Star performer

The star singer of her generation Kaushiki Chakravorty pulled in even greater crowds, making it difficult to move around! Her first raga was Maru Bihag, followed by a very brief tarana in Jhaptaal, then drut Ektaal khayal in raga Bageshwari, invoking Devi Saraswati, ending with the ever popular “Yaad piya ki aye”- as she wryly commented , its popularity and constant requests have become like “a National Anthem”. This rendition had some novel note combinations; she brought in snatches of Sohani and Lalit most effectively. Kaushiki’s vibrato taans are somewhat disconcerting; a more interesting Patiala technique is her breaking into double speed in the middle of a taan; something Satyajit Talwalkar on the tabla emulated too.

Undoubtedly, the finest concert of the second day was by Mewati doyen, octogenarian Pt Jasraj. Incredibly, the years have added an additional, reflective, meditative quality to his concerts. He sang raga Shankara, both his compositions dedicated to Lord Shiva. The next was Raga Bahar, “Hey ri mayi”, a brief Nayaki Kanhra, concluding with his famous haveli sangeet composition. He was accompanied most brilliantly by disciples Rattan Mohan Sharma and Ankita Joshi; the addition of his wife seated behind him on stage was a touching sight.

The third day commenced with a vocal recital of Gayatri Joshi, currently disciple of Arti Anklekar. Her powerful voice, proficiency in the higher octave, and well taught renditions in Madhuwanti, which included three compositions was most interesting, as was the Meera bhajan “Mharo ghar aao ji”. She ended with a bhajan to Ma Durga. Patiala gharana exponent Samrat Pandit’ s Gorakh Kalyan was indeed well sung with carefully crafted, suitable embellishments and impressive taans. The concluding Khamach thumri was beautiful. Dilshad Khan’s accompaniment on the sarangi was a delight.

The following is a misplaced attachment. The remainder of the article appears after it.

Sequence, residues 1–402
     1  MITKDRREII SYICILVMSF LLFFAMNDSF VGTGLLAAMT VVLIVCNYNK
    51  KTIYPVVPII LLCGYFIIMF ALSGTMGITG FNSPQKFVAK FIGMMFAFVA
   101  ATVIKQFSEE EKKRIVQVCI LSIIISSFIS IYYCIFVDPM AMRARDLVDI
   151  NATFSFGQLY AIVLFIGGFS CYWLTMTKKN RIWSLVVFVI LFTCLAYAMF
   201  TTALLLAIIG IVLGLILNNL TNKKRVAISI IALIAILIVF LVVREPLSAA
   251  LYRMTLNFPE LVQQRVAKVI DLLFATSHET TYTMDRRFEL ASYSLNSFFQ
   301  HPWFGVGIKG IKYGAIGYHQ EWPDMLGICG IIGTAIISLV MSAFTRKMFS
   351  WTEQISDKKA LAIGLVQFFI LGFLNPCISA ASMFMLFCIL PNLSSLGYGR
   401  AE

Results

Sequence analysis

The evening ended with the now matchless Pt Ulhas Kashalkar. In his home crowd of Pune, with the prestigious Tansen award to be presented to him later this month, the maestro was in his element.

A small raga like Nand was expanded without being repetitive in the most exalted fashion, indeed Ulhas ji has the ability to transport his audience whenever he sings. The next piece was Arana, ending with Bhairavi “Jagat Ke Daata” a composition that had been taught to him by the great Ustad Vilayat Khan, who was always known for his mastery over Bhairavi.

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Printable version | Feb 24, 2020 4:54:17 AM | https://www.thehindu.com/entertainment/music/f/article22326298.ece